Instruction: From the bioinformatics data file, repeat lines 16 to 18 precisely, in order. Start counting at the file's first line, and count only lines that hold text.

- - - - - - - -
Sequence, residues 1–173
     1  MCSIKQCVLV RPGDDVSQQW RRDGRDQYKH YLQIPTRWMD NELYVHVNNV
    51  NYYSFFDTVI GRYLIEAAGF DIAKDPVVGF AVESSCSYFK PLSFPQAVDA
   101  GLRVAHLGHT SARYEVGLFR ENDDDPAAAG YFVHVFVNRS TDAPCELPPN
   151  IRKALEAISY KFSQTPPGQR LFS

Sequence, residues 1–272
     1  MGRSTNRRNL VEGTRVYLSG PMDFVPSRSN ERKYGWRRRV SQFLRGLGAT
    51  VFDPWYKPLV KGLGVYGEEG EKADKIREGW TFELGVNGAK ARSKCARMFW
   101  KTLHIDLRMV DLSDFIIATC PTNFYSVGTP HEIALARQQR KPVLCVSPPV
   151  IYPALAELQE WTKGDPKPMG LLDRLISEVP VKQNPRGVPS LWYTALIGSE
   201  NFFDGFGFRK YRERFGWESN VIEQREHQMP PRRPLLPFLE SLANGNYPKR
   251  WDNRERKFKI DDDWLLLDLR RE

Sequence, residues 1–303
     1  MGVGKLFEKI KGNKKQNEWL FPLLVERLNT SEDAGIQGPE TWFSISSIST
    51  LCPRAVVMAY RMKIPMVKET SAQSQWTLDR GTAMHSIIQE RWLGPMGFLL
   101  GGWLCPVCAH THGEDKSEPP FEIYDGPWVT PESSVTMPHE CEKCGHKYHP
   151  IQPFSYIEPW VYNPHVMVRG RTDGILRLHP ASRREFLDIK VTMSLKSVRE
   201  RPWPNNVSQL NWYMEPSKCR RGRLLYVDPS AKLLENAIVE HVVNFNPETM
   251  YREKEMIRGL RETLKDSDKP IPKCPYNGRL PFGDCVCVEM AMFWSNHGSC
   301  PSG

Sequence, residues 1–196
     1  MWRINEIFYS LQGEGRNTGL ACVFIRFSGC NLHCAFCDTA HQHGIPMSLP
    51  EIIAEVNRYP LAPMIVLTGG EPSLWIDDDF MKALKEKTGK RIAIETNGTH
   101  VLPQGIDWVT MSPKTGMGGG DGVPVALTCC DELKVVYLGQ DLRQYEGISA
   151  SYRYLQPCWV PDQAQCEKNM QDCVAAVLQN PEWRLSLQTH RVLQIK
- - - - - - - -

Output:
   101  GGWLCPVCAH THGEDKSEPP FEIYDGPWVT PESSVTMPHE CEKCGHKYHP
   151  IQPFSYIEPW VYNPHVMVRG RTDGILRLHP ASRREFLDIK VTMSLKSVRE
   201  RPWPNNVSQL NWYMEPSKCR RGRLLYVDPS AKLLENAIVE HVVNFNPETM